Stephen E Arnold, September 18, 2018

Machine Learning Frameworks: Why Not Just Use Amazon?

September 16, 2018

A colleague sent me a link to “The 10 Most Popular Machine Learning Frameworks Used by Data Scientists.” I found the write up interesting despite the author’s failure to define the word popular and the bound phrase data scientists. But few folks in an era of “real” journalism fool around with my quaint notions.

According to the write up, the data come from an outfit called Figure Eight. I don’t know the company, but I assume their professionals adhere to the basics of Statistics 101. You know the boring stuff like sample size, objectivity of the sample, sample selection, data validity, etc. Like information in our time of “real” news and “real” journalists, some of these annoying aspects of churning out data in which an old geezer like me can have some confidence. You know like the 70 percent accuracy of some US facial recognition systems. Close enough for horseshoes, I suppose.

miss sort of accurate

Here’s the list. My comments about each “learning framework” appear in italics after each “learning framework’s” name:

  1. Pandas — an open source, BSD-licensed library
  2. Numpy — a package for scientific computing with Python
  3. Scikit-learn — another BSD licensed collection of tools for data mining and data analysis
  4. Matplotlib — a Python 2D plotting library for graphics
  5. TensorFlow — an open source machine learning framework
  6. Keras — a high-level neural networks API, written in Python and capable of running on top of TensorFlow, CNTK, or Theano
  7. Seaborn — a Python data visualization library based on matplotlib
  8. Pytorch & Torch
  9. AWS Deep Learning AMI — infrastructure and tools to accelerate deep learning in the cloud. Not to be annoying but defining AMI as Amazon Machine Learning Interface might be useful to some
  10. Google Cloud ML Engine — neural-net-based ML service with a typically Googley line up of Googley services.

Stepping back, I noticed a handful of what I am sure are irrelevant points which are of little interest to a “real” journalists creating “real” news.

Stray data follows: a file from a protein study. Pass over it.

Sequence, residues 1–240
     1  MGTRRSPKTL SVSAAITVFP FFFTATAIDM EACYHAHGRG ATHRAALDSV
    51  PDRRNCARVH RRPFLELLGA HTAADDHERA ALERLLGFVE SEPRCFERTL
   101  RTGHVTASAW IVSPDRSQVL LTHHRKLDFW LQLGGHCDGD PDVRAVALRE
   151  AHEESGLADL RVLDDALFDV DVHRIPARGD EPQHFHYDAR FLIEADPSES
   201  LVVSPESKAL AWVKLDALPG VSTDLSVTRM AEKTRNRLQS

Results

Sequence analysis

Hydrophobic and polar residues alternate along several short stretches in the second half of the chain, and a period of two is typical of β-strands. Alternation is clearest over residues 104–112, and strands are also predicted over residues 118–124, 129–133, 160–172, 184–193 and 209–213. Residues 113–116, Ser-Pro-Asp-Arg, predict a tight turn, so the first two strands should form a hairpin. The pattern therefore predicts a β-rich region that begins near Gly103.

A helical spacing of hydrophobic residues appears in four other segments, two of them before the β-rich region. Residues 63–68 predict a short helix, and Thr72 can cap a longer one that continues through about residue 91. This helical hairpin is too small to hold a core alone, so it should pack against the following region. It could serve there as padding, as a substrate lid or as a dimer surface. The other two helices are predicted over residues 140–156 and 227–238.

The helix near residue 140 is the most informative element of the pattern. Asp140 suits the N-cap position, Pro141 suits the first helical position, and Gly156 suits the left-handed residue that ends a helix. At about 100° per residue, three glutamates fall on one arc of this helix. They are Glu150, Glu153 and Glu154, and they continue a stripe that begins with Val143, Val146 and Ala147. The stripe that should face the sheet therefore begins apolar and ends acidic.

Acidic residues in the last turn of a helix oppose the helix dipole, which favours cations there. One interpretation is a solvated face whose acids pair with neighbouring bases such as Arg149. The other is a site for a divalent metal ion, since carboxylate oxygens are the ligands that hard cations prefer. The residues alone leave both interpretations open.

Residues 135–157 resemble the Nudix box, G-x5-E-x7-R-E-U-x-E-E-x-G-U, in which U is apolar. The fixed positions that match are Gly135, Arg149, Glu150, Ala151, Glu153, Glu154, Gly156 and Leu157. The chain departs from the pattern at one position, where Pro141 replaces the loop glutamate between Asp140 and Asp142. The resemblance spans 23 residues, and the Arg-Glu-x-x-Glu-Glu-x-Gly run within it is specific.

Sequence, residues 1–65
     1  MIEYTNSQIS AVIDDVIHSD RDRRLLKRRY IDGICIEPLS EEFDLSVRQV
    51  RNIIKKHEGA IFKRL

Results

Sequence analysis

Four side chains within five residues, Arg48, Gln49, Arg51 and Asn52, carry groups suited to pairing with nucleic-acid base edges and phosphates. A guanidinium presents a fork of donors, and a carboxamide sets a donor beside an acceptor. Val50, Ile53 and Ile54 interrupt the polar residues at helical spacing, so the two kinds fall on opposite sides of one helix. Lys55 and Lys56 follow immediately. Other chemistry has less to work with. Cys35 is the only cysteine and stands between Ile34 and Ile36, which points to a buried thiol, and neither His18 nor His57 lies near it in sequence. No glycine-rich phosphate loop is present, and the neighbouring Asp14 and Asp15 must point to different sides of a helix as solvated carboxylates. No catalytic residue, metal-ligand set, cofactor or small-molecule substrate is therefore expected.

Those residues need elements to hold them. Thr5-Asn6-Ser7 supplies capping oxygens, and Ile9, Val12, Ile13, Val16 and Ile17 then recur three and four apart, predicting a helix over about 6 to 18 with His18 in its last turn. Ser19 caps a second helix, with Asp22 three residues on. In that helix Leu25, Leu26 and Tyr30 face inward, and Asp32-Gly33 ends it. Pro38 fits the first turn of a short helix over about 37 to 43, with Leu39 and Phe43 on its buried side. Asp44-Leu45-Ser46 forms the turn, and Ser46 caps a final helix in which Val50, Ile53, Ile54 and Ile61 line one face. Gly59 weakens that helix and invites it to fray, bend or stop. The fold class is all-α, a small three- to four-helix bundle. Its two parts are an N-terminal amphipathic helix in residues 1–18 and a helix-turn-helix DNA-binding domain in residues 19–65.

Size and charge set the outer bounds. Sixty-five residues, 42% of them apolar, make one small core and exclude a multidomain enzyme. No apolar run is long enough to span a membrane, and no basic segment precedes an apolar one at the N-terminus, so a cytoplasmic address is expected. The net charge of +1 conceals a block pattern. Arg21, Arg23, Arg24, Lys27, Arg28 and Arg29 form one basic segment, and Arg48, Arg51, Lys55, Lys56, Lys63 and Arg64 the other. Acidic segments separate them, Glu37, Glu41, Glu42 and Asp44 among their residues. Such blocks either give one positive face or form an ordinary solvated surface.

First, notice that the list is self referential with python love. Frameworks depend on other python loving frameworks. There’s nothing inherently bad about this self referential approach to shipping up a list, and it makes it a heck of a lot easier to create the list in the first place.

Second, the information about Amazon is slightly misleading. In my lecture in Washington, DC on September 7, I mentioned that Amazon’s approach to machine learning supports Apache MXNet and Gluon, TensorFlow, Microsoft Cognitive Toolkit, Caffe, Caffe2, Theano, Torch, PyTorch, Chainer, and Keras. I found this approach interesting, but of little interest to those creating a survey or developing an informed list about machine learning frameworks; for example, Amazon is executing a quite clever play. In bridge, I think the phrase “trump card” suggests what the Bezos momentum machine has cooked up. Notice the past tense because this Amazon stuff has been chugging along in at least one US government agency for about four, four and one half years.

Third, Google brings up dead last. What about IBM? What about Microsoft and its CNTK. Ah, another acronym, but I as a non real journalist will reveal that this acronym means Microsoft Cognitive Toolkit. More information is available in Microsoft’s wonderful prose at this link. By the way, the Amazon machine learning spinning momentum thing supports the CNTK. Imagine that? Right, I didn’t think so.

Net net: The machine learning framework list may benefit from a bit of refinement. On the other hand, just use Amazon and move down the road to a new type of smart software lock in. Want to know more? Write benkent2020 @ yahoo dot com and inquire about our for fee Amazon briefing about machine learning, real time data marketplaces, and a couple of other most off the radar activities. Have you seen Amazon’s facial recognition camera? It’s part of the Amazon machine learning imitative, and it has some interesting capabilities.

Stephen E Arnold, September 16, 2018

Next Page »

  • Archives

  • Recent Posts

  • Meta